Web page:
November 3, 2018
The past 6 weeks have been a whirlwind of diagnostic MRIs and CTs, surgery to remove one metastatic tumor from my brain and decide what to do with the second one. The hardest part of this is running into the Radiation Techs from my breast radiation at the other hospital where I was meeting the Radiation Oncologist who will be treating the second tumor. There are others, but these stood out to me for some reason.
I don’t want pity for where I am with this crappy disease. It’s not warranted. Yes, my cancer decided to take root in my brain and cause a bunch of issues. It was what really moved my cancer to Stage IV for me. I have a Franken-scar on the back of my head where 15 staples were used to put my head back together. BUT… this ain’t over til it’s over. I haven’t run out of options.
The really pitiful looks from those staff people hurt. Yes, I know the statistics. They’re awful. I’m trying to put them aside for now. I haven’t run out of treatment options yet. I’m only on my 2nd line of targeted chemos. There are others out there if the one I just started don’t work. Plus, there are new therapies and treatment options that are coming out regularly enough that I am not worried about this yet. I’m sure it won’t be horribly long before it does get more desperate. I also have options to maybe start a clinical trial at the Seattle Cancer Care Alliance (SCCA), which is affiliated with the Fred Hutchinson Cancer Research Center and the University of Washington. and I’m also still looking at the possibility of getting a second opinion from MD Anderson in Houston.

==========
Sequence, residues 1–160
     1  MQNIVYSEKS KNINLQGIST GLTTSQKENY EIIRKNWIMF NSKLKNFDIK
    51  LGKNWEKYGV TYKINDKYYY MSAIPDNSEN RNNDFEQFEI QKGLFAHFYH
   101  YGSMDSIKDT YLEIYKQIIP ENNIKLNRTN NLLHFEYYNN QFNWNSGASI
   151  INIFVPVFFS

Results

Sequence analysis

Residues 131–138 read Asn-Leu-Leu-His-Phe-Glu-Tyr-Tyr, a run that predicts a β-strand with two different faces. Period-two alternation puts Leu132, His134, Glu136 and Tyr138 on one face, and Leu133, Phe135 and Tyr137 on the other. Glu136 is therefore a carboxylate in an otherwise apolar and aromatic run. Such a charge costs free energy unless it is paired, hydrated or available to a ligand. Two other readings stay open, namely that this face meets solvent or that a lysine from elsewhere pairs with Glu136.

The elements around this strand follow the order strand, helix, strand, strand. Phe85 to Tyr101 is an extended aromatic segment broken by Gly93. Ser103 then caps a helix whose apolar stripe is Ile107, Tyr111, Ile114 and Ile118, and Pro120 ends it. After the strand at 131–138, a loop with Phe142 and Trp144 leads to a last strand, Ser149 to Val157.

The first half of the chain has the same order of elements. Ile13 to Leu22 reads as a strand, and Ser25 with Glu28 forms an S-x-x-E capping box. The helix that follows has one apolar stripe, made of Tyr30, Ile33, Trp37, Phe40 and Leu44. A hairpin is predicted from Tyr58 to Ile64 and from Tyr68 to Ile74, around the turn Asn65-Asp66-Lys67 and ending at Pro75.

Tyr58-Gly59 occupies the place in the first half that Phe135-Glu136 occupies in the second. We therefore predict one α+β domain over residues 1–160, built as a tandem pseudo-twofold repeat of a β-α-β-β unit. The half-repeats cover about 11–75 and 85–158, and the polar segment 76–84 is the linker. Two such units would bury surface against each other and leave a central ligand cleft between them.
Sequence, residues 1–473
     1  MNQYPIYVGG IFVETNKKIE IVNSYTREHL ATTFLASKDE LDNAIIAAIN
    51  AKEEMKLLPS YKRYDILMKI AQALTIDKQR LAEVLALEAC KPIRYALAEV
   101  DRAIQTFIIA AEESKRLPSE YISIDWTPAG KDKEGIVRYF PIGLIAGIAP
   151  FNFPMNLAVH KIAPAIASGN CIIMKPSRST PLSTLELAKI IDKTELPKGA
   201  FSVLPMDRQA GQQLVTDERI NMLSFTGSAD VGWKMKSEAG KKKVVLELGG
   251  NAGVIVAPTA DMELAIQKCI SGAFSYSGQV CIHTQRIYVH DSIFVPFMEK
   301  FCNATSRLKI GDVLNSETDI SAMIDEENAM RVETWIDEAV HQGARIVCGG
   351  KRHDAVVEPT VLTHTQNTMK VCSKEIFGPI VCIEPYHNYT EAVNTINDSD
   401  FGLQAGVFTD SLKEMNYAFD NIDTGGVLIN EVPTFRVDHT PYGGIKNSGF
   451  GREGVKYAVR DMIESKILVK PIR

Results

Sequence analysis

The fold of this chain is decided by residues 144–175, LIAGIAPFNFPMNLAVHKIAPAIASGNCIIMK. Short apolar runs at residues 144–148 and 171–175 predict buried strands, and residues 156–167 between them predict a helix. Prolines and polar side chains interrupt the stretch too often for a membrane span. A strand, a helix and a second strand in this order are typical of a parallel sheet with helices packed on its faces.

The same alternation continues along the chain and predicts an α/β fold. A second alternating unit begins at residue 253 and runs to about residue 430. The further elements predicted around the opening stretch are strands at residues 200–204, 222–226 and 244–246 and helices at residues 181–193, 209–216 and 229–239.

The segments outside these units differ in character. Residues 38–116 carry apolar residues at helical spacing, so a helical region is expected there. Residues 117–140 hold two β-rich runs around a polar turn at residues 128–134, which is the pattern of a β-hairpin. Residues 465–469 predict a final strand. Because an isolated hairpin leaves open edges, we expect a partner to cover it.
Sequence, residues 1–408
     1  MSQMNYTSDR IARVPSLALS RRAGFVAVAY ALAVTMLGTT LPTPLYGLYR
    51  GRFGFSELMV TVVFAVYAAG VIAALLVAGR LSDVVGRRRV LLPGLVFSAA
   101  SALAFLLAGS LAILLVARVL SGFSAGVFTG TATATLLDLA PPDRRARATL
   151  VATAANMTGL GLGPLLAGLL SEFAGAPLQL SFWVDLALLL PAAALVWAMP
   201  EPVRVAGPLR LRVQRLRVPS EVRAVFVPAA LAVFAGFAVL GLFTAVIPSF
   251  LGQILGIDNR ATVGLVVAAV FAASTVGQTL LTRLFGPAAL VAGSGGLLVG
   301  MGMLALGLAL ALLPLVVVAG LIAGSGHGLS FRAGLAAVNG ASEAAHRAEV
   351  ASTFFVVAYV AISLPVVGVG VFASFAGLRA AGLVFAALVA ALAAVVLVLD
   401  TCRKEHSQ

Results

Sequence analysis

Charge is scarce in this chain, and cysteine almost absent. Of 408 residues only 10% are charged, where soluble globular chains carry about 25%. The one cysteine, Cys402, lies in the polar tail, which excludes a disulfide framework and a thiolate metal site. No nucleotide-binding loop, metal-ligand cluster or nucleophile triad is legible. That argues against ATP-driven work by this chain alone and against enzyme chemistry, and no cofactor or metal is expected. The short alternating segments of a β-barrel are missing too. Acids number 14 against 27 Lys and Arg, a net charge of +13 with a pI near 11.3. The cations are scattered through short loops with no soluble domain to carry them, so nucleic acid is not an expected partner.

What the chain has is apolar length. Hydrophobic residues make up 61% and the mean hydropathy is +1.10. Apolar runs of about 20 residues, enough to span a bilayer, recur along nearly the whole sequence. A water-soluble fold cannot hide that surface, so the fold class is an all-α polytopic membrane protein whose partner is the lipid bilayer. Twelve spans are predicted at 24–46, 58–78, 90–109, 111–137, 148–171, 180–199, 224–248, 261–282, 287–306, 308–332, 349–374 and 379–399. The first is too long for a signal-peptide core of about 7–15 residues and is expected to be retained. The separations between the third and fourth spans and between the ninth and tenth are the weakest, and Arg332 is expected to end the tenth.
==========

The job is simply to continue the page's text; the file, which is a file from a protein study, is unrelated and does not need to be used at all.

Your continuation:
There will be plenty of time for pity when I get to the end of the treatment road and either nothing’s working, or it’s stopped working and I have no more options. I want to believe that’s at least 5-15 years out. Who knows what they will learn and bring to market that will work for me and give me that amount of time? Hopefully a better understanding of how the disease progresses that they can put a stop to it. Or maybe we’ll finally get to a point of individualized medicine and genetic therapies. I want to believe that I’ll live long enough for those things to happen and maybe work for me. I was told how we’ll treat any new metastases in my brain and I’m good with how that will work.
In the meantime… I’ve got a diagnosis. Neither I, nor any of my doctors, were given a crystal ball to tell me what’s next or how much longer I will have. Yes, the numbers suck, but they’re just that. Numbers. Statistics. Like cancer, they don’t fit all situations. This disease is really bringing home for me that dealing with this and the mental drain it brings is all about living life one day at a time. So that’s what I’m doing. I’m grateful for every day that I wake up to see the sun and hear the birds. I’m grateful for being able to work and do things I enjoy. This is what life is about right here. Being grateful for what I have and being able to enjoy life.